The way that marketing campaigns are run can become a lot more responsive. The mobile operator may decide to run a campaign to, for example, promote a particular tariff it thinks will be of interest to a subset of its subscriber base – those people, for example, who spend more than $100 per month and roam frequently. Sending out offers via text message requires great sensitivity, as no operator wants its customers to feel it’s receiving spam. As the campaign executes results can be monitored in real-time and the target demographic of the campaign can be tightened to achieve a better response rate. Not only does this make the campaign more successful but also those subscribers that, in the end, are not targeted can become the target of a future campaign.
To do this requires a number of things. Firstly, software needs to be in place to allow the millions of subscriber calls to be analysed in real-time – an ideal use case for event processing. Secondly, there need to be tools which allow a marketing team itself, working largely autonomously without IT support, to create, test and dynamically enhance the rules which dictate which subscribers will receive the offer. And finally, positive responses to the offer need to be processed systematically through an order management system.
There are many other examples where responding quickly to subscriber activity can enhance a user’s experience of using a particular mobile operator. As Internet use becomes dominated by mobile, it’s likely that variable costs for data access, particularly where large downloads are concerned, will be introduced. The cost of a download will be calculated dynamically, dependent upon the bandwidth available within a particular cell at a particular time. At initiation of a large download (let’s say greater than 1Mb) the user could be prompted to ask whether he would like to download it at twice the normal bandwidth for another 10c. This would be a dynamic rate, calculated in real-time in response to current activity in the wireless cell and the propensity of the user to accept the rate.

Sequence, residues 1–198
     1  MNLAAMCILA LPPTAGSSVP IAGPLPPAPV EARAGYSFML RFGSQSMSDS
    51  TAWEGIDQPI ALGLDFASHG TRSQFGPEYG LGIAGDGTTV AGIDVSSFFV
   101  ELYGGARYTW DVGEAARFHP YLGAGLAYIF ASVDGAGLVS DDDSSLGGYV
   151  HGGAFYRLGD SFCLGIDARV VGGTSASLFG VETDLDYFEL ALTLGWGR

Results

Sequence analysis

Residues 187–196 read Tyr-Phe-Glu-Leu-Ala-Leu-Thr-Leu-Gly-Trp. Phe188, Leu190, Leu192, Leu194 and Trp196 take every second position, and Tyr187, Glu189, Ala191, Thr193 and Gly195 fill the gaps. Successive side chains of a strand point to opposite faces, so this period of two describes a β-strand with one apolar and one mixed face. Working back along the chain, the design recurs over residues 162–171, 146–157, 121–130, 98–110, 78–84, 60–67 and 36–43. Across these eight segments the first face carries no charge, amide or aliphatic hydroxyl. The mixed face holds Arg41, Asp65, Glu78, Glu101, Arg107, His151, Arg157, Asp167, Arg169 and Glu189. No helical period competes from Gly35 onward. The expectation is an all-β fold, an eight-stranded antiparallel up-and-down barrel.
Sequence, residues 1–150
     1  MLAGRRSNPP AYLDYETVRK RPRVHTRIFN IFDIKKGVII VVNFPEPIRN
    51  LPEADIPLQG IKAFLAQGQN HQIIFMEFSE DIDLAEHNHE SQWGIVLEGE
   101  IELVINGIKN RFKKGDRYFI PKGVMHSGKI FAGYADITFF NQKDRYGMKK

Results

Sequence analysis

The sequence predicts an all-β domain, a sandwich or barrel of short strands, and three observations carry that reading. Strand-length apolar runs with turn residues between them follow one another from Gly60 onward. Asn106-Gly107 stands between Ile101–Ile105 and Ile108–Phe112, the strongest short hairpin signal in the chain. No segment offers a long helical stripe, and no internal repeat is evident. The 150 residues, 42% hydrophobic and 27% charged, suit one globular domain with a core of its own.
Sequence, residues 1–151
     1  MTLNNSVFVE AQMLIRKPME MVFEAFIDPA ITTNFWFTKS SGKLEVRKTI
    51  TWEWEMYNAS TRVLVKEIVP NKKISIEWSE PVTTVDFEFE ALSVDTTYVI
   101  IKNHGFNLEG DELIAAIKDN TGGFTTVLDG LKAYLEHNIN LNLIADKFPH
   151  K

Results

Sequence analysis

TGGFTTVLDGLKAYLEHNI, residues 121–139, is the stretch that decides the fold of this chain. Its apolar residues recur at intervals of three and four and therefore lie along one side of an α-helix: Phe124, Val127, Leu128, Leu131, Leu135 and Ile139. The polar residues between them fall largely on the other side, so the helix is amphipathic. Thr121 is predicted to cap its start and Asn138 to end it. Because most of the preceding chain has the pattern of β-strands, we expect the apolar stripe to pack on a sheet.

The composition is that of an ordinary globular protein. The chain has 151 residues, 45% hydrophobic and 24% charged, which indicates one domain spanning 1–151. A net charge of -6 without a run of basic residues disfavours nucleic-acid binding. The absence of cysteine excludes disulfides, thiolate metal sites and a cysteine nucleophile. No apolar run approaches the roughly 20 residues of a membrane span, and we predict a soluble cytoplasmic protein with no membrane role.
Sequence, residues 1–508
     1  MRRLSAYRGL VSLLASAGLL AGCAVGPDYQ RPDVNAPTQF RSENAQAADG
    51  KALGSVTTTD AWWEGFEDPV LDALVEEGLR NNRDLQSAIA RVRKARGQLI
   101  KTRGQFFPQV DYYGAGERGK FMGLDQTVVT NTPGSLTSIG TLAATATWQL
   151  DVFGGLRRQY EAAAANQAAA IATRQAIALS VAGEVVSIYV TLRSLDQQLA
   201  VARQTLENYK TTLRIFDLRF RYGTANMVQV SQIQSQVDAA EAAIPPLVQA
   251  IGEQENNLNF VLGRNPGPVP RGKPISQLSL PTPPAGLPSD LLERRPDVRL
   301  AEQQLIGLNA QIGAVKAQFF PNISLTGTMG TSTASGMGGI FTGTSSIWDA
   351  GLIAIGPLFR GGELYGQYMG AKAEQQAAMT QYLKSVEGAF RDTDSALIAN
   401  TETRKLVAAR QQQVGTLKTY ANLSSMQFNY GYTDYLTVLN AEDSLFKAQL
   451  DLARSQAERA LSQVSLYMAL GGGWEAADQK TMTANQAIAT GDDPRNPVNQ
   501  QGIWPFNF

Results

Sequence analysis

So, what’s the general lesson here? By becoming more responsive to subscribers, mobile networks are increasing their value to customers, improving customer service and so reducing the likelihood of churn. Existing information about customer behaviour is being used but by being able to act on that information immediately they are able to communicate in a much more contextually suitable way so improving response rates and strengthening the customer relationship. All businesses should be looking how to use their operational information to respond to and interact with customers better. Real-time responsiveness to customer behaviour is becoming vital.